The Definite Object eBook

Jeffery Farnol
This eBook from the Gutenberg Project consists of approximately 286 pages of information about The Definite Object.

CHAPTER XI

ANTAGONISM IS BORN AND WAR DECLARED

“Why—­hello, Hermy!” exclaimed Spike, pausing in the doorway.  “Gee, I thought you was—­were in Englewood.”

Hermione lifted her golden head, stayed her humming sewing-machine, and smiled at him.

“And I thought I’d come home and surprise you.  Aren’t you glad to see me, boy dear?”

“Why, sure I am!” he answered, and stooping, kissed a golden curl that wantoned at her white temple; which done, he sprawled in the easy-chair and taking a newspaper from his pocket, fell to studying the latest baseball scores while Hermione, head bent above her work again, glanced at him now and then rather wistfully.

“Gee whiz,” he exclaimed suddenly, “the Giants put it all over Cincinnati to-day, Hermy.  Y’ see, Matty was in th’ box, an’ he sure pitched some game!”

Hermione stopped her machine and looked at him under wrinkling brows.

“I thought you were hunting through the ‘wanted’ columns, Arthur?”

“Why, y’ see I ain’t—­haven’t got to the ads yet, Hermy.”

Hermione sighed softly and, resting her round chin in her hands, viewed him silently awhile until, becoming aware of the steadfast gaze of those sweet and gentle eyes, Spike shuffled uneasily and changed colour.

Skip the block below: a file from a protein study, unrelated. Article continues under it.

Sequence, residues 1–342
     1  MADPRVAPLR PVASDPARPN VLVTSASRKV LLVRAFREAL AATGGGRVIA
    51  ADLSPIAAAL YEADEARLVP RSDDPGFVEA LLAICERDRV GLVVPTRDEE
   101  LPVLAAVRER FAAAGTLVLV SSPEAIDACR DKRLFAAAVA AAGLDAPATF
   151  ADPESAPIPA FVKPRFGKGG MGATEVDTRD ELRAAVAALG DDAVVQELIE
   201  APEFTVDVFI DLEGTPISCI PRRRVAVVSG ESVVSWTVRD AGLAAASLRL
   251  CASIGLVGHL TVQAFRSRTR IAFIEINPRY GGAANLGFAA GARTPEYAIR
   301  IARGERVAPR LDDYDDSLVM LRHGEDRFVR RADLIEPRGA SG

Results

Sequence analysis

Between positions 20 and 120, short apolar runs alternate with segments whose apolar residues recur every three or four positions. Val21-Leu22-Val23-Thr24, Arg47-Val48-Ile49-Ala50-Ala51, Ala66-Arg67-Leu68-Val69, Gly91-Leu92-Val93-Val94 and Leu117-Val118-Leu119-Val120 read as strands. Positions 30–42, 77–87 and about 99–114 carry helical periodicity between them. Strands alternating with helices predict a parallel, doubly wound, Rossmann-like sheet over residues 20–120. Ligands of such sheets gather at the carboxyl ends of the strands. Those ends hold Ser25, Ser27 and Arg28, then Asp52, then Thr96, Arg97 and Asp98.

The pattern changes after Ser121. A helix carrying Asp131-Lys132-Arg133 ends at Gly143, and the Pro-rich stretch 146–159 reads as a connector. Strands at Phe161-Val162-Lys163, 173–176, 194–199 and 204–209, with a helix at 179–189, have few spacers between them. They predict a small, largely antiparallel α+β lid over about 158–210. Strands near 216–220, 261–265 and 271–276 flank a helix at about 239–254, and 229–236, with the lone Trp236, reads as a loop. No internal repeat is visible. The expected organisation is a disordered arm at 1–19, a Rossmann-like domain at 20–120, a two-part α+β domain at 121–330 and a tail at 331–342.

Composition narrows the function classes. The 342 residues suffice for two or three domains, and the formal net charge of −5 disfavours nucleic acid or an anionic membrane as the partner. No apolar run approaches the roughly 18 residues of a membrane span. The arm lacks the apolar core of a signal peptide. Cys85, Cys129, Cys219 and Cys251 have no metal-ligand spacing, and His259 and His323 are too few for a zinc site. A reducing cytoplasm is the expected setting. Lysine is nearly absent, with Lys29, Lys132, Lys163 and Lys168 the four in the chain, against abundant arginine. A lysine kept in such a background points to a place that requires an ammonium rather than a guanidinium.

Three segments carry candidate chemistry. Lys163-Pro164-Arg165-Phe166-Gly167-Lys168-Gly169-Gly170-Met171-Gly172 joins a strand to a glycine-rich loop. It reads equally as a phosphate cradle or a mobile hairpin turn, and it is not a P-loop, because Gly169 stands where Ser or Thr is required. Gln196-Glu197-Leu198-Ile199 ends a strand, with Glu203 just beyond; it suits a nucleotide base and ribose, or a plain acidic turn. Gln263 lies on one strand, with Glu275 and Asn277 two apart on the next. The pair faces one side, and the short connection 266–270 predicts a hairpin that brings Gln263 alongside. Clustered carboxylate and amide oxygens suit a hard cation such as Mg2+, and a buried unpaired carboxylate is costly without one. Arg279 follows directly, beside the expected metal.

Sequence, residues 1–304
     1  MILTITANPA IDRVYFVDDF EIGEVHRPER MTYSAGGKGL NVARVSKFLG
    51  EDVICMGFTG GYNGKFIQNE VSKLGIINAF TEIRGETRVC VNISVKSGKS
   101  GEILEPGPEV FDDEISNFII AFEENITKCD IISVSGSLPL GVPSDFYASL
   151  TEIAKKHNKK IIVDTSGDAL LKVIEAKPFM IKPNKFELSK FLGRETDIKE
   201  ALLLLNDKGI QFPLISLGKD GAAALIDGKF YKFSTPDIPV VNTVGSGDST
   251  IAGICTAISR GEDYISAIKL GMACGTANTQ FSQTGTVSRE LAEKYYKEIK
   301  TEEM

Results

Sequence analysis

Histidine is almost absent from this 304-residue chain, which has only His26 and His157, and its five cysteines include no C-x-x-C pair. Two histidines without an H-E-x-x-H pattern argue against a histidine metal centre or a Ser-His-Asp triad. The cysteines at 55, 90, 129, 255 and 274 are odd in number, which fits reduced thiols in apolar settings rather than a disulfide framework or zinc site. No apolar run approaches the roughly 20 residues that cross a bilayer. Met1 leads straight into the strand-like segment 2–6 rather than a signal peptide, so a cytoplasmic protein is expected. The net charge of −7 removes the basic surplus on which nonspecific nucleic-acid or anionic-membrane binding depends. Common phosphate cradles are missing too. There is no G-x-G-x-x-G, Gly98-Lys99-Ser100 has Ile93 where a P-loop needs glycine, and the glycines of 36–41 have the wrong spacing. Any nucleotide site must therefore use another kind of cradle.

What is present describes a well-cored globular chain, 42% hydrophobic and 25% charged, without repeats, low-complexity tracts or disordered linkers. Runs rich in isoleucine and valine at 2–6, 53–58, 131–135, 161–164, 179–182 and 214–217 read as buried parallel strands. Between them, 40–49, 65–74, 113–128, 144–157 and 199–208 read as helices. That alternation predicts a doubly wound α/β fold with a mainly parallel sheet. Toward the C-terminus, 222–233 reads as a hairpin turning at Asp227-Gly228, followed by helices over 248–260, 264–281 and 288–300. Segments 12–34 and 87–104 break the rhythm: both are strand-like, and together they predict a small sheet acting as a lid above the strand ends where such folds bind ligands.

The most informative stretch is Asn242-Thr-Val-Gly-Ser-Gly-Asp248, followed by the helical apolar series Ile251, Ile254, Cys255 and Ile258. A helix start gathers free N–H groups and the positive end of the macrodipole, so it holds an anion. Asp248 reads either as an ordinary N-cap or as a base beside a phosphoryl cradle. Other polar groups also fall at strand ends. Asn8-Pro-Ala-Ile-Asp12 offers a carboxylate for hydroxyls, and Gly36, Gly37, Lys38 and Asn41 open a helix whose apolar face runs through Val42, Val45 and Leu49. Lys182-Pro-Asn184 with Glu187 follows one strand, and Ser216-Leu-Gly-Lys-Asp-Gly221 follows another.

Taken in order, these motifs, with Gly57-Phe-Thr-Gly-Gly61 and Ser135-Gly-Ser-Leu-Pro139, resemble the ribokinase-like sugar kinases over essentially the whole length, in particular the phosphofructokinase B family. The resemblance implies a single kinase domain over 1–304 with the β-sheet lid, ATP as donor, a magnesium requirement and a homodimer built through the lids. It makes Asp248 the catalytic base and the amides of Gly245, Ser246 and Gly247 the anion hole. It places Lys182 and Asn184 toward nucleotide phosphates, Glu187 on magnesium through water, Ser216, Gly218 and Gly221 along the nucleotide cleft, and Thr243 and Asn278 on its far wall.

“Arthur,” she said softly, “when you promised me to try and find a situation you meant it, didn’t you?”

“Sure I did!”

“That was a week ago, dear.”

“But, Hermy, I went after that office-boy’s job—­you know I did!”

“Yes, dear, though you got there too late.”

“No, I wasn’t late, Hermy, only another guy happened t’ get there first—­an’ got the job!  A kid I could have licked with one hand, too.  One of these mommer’s pets in a nobby sack suit—­all dolled up in a clean collar an’ a bow-tie an’ grey kid gloves.  I guess his outfit helped him a whole lot—­an’ y’ see I’m a few chips shy on clothes, I guess.”

Hermione looked at her brother’s worn garments, shiny at elbow and knee, and as she looked, her eyes were suddenly suffused.

“Yes, dear, I—­I’m afraid they are—­rather shabby,” she admitted humbly.  “Your clothes always did seem to wear out so very quickly!  And—­and it costs so much to live!  And—­sometimes I grow—­afraid—­”

The smooth, low voice faltered and ended upon a sob.  Spike stared in wide-eyed amaze, for seldom had he seen his sister thus, but now, beholding the droop of that brave head, seeing how her strong white hands gripped each other, he tossed the paper aside, and flinging himself on his knees clasped her in his arms.

“Don’t cry, Hermy!” he pleaded.  “Oh, don’t cry, I—­I can’t bear it.  You know I love you best in the world—­ah, don’t cry, dear.  I—­I’ll hunt up a job first thing—­honest I will—­”

“But your clothes are so very shabby!” she sobbed, “and oh, boy dear, I have only just enough to—­pay our rent this month—­so I can’t get you any more—­yet, dear!”

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Project Gutenberg
The Definite Object from Project Gutenberg. Public domain.
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